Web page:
Skip to main content

Clinical Trials Search at Vanderbilt-Ingram Cancer Center



Reduced Craniospinal Radiation Therapy and Chemotherapy in Treating Younger Patients with Newly Diagnosed WNT-Driven Medulloblastoma

This phase II trial studies how well reduced doses of radiation therapy to the brain and spine (craniospinal) and chemotherapy work in treating patients with newly diagnosed type of brain tumor called WNT) / Wingless (WNT)-driven medulloblastoma. Recent studies using chemotherapy and radiation therapy have been shown to be effective in treating patients with WNT-driven medulloblastoma. However, there is a concern about the late side effects of treatment, such as learning difficulties, lower amounts of hormones, or other problems in performing daily activities. Radiotherapy uses high-energy radiation from x-rays to kill cancer cells and shrink tumors. Drugs used in chemotherapy, such as cisplatin, vincristine sulfate, cyclophosphamide and lomustine, work in different ways to stop the growth of tumor cells, either by killing the cells, by stopping them from dividing, or by stopping them from spreading. Giving reduced craniospinal radiation therapy and chemotherapy may kill tumor cells and may also reduce the late side effects of treatment.
Not Available
II
Pastakia, Devang
NCT02724579
COGACNS1422

Nab-Paclitaxel and Gemcitabine Hydrochloride in Treating Teenagers or Young Adults with Recurrent or Refractory Osteosarcoma, Ewing Sarcoma, Rhabdomyosarcoma, or Soft Tissue Sarcoma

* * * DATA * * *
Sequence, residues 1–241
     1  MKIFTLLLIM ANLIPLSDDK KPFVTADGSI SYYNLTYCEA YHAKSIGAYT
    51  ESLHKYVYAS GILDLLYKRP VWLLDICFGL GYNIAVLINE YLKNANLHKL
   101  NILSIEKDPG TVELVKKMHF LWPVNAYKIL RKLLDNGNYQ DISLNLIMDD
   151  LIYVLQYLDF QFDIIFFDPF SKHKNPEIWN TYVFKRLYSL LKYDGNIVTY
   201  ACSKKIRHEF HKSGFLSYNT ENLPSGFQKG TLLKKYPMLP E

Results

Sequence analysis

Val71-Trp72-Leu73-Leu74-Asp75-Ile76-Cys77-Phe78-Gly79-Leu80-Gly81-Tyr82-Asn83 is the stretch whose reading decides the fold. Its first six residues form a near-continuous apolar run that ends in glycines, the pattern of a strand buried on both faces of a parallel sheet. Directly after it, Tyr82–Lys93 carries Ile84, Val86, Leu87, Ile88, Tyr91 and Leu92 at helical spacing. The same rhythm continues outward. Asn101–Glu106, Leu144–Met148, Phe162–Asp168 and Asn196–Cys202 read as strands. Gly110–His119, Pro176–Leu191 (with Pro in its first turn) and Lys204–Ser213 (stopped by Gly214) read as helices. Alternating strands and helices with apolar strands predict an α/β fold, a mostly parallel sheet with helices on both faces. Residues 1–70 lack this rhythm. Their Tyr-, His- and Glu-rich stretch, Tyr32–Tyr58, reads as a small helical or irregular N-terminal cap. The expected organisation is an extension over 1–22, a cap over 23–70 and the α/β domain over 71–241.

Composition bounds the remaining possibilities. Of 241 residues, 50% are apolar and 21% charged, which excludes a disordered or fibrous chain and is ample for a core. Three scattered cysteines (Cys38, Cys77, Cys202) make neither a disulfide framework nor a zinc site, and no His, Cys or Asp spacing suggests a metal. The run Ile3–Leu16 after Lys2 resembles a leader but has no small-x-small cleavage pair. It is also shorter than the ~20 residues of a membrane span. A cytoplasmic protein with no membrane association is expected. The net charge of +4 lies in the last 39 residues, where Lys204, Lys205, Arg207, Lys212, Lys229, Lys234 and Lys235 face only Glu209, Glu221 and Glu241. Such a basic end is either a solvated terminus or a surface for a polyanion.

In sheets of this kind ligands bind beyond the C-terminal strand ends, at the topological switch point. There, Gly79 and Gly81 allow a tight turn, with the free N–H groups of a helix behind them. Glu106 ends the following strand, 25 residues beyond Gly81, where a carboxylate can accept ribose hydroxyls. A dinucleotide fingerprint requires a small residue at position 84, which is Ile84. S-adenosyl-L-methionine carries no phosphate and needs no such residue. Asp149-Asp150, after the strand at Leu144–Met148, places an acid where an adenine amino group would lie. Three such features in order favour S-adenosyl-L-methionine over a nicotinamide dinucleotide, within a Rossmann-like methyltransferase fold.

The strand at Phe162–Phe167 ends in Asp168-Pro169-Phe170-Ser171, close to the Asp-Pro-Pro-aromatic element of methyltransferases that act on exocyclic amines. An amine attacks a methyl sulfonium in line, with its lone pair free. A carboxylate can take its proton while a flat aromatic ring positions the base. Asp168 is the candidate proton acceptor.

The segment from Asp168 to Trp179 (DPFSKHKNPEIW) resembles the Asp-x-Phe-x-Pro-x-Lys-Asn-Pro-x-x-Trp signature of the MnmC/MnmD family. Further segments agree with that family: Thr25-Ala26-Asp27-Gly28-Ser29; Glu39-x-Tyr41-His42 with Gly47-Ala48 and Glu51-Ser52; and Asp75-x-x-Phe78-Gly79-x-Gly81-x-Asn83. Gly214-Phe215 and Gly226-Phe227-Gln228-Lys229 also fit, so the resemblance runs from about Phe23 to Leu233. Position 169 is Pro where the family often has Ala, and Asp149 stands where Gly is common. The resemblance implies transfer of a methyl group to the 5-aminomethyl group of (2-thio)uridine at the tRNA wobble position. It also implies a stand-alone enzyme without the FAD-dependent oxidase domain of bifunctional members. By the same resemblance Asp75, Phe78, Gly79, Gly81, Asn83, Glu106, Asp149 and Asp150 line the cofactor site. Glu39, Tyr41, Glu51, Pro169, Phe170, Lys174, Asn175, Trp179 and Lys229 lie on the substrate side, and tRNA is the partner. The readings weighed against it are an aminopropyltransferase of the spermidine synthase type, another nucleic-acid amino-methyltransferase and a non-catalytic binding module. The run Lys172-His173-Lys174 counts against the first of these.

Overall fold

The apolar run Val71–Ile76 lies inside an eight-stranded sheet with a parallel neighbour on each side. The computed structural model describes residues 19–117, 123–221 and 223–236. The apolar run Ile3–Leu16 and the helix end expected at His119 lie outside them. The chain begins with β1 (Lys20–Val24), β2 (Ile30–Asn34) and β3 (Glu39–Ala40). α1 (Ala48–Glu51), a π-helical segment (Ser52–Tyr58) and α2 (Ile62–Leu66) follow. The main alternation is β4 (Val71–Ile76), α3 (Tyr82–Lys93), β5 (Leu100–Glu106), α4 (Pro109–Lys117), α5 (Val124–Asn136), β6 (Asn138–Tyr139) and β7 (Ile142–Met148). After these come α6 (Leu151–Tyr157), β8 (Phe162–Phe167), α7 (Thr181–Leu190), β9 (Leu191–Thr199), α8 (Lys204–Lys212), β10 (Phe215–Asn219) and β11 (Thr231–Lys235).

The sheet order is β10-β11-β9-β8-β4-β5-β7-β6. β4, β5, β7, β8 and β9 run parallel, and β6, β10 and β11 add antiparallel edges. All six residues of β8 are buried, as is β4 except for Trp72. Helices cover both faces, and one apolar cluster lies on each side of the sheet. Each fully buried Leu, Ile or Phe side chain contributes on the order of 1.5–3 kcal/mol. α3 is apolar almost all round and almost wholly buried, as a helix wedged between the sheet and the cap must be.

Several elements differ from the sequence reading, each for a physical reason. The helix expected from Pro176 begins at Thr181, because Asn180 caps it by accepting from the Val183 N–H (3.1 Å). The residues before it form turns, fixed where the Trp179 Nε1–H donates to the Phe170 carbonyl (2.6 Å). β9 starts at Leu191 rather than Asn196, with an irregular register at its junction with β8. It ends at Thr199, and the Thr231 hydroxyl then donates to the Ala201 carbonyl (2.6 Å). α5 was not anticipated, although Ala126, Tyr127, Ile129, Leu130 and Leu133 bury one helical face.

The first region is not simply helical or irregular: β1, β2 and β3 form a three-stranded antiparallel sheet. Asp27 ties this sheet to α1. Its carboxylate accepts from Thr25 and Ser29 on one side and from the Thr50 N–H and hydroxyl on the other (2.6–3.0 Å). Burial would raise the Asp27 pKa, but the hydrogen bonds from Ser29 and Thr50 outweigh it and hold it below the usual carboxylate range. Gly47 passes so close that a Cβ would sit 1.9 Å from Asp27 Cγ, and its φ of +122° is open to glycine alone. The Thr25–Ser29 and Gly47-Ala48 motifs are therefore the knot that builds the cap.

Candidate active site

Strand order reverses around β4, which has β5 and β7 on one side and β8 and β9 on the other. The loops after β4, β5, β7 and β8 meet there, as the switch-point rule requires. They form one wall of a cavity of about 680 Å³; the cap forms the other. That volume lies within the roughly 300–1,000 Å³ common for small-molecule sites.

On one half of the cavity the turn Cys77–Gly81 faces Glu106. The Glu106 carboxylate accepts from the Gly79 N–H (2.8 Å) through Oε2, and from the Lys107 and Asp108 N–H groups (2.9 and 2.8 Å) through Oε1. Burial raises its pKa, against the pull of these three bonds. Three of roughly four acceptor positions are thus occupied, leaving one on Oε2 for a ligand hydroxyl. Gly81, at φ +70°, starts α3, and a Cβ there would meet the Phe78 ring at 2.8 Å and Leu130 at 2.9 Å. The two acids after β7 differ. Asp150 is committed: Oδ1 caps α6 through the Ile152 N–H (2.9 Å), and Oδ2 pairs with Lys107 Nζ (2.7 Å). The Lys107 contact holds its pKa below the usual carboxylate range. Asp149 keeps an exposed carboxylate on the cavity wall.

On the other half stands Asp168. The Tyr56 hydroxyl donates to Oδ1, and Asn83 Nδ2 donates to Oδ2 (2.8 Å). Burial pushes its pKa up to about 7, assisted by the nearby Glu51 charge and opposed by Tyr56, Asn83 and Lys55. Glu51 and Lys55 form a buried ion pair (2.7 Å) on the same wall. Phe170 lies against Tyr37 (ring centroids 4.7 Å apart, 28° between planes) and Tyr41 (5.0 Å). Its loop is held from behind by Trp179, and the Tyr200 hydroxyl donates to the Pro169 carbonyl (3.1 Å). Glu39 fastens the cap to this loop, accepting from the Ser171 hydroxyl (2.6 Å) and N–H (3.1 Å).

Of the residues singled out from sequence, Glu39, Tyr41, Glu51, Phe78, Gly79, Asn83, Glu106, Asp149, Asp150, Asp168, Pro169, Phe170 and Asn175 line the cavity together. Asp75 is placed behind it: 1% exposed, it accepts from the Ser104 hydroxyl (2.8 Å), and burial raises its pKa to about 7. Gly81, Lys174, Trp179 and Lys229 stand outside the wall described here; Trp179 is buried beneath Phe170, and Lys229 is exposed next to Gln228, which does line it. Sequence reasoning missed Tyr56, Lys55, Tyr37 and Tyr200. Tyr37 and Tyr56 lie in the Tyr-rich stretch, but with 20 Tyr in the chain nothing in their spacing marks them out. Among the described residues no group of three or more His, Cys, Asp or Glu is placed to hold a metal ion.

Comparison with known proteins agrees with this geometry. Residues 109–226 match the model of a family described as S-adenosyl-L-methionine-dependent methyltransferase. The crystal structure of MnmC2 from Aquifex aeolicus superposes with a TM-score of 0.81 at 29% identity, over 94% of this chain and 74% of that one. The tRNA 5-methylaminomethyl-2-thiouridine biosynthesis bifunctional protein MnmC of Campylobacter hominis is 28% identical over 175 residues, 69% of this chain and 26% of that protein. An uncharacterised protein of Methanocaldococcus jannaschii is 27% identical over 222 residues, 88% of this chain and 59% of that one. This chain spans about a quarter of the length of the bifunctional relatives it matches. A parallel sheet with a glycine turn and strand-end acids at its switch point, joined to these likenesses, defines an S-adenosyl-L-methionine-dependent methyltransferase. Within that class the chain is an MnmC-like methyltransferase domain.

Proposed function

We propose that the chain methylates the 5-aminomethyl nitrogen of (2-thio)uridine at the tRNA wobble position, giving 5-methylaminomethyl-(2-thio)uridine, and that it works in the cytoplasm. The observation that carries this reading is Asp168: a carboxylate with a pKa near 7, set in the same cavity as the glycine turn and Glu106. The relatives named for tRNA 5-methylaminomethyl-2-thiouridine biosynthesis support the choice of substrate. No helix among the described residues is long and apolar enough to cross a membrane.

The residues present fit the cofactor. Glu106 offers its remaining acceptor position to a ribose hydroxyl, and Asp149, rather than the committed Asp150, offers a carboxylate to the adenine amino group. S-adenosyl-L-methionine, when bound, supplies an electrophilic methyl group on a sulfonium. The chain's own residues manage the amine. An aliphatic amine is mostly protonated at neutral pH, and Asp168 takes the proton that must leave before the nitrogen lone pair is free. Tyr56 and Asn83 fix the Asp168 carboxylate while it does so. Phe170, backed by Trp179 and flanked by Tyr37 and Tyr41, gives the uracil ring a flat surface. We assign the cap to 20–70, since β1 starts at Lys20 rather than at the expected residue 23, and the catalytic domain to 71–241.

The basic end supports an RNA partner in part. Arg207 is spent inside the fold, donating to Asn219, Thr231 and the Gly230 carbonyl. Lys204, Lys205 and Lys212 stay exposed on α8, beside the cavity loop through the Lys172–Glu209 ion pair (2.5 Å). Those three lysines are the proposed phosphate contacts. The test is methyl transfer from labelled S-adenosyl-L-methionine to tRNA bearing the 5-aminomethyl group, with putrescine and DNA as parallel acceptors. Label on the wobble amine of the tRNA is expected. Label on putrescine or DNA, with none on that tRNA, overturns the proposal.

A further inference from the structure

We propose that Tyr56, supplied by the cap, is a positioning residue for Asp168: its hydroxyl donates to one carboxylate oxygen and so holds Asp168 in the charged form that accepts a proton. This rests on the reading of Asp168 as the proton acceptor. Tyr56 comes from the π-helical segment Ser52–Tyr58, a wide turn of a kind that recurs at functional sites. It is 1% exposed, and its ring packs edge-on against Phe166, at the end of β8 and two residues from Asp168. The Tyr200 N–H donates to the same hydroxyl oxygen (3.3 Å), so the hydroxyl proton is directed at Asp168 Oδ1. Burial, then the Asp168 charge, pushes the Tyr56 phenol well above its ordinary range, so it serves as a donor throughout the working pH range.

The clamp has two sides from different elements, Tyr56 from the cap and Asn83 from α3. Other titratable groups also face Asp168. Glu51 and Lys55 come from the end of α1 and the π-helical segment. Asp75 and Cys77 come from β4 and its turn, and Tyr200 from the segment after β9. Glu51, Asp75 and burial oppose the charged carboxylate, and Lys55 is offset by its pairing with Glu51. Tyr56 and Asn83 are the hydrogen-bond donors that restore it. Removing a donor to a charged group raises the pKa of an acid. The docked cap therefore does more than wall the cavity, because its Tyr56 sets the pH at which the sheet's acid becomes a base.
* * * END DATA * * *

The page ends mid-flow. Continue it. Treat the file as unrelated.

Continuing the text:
This phase II trial studies how well nab-paclitaxel and gemcitabine hydrochloride work in treating teenagers or young adults with osteosarcoma, Ewing sarcoma, rhabdomyosarcoma, or soft tissue sarcoma that has come back or does not respond to treatment. Drugs used in chemotherapy, such as nab-paclitaxel and gemcitabine hydrochloride, work in different ways to stop the growth of tumor cells, either by killing the cells, by stopping them from dividing, or by stopping them from spreading.
Not Available
II
Borinstein, Scott
NCT02945800
VICCPED18142

Accelerated or Standard BEP Chemotherapy in Treating Patients with Intermediate or Poor-Risk Metastatic Germ Cell Tumors

This randomized phase III trial studies how well an accelerated schedule of bleomycin sulfate, etoposide phosphate, and cisplatin (BEP) chemotherapy works compared to the standard schedule of BEP chemotherapy in treating patients with intermediate or poor-risk germ cell tumors that have spread to other places in the body. Drugs used in chemotherapy, such as bleomycin sulfate, etoposide phosphate, and cisplatin, work in different ways to stop the growth of tumor cells, either by killing the cells, by stopping them from dividing, or by stopping them from spreading. Giving BEP chemotherapy on a faster, or “accelerated” schedule may work better with fewer side effects in treating patients with intermediate or poor-risk metastatic germ cell tumors.
Not Available
III
Borinstein, Scott
NCT02582697
COGAGCT1532

Imatinib Mesylate and Combination Chemotherapy in Treating Patients with Newly Diagnosed Philadelphia Chromosome Positive Acute Lymphoblastic Leukemia

This randomized phase III trial studies how well imatinib mesylate and combination chemotherapy work in treating patients with newly diagnosed Philadelphia chromosome positive acute lymphoblastic leukemia. Imatinib mesylate may stop the growth of cancer cells by blocking some of the enzymes needed for cell growth. Drugs used in chemotherapy, work in different ways to stop the growth of cancer cells, either by killing the cells, by stopping them from dividing, or by stopping them from spreading. Giving imatinib mesylate and combination chemotherapy may work better in treating patients with Philadelphia chromosome positive acute lymphoblastic leukemia.
Not Available
III
Zarnegar-Lumley, Sara
NCT03007147
COGAALL1631

Cisplatin and Combination Chemotherapy in Treating Children and Young Adults with Hepatoblastoma or Liver Cancer After Surgery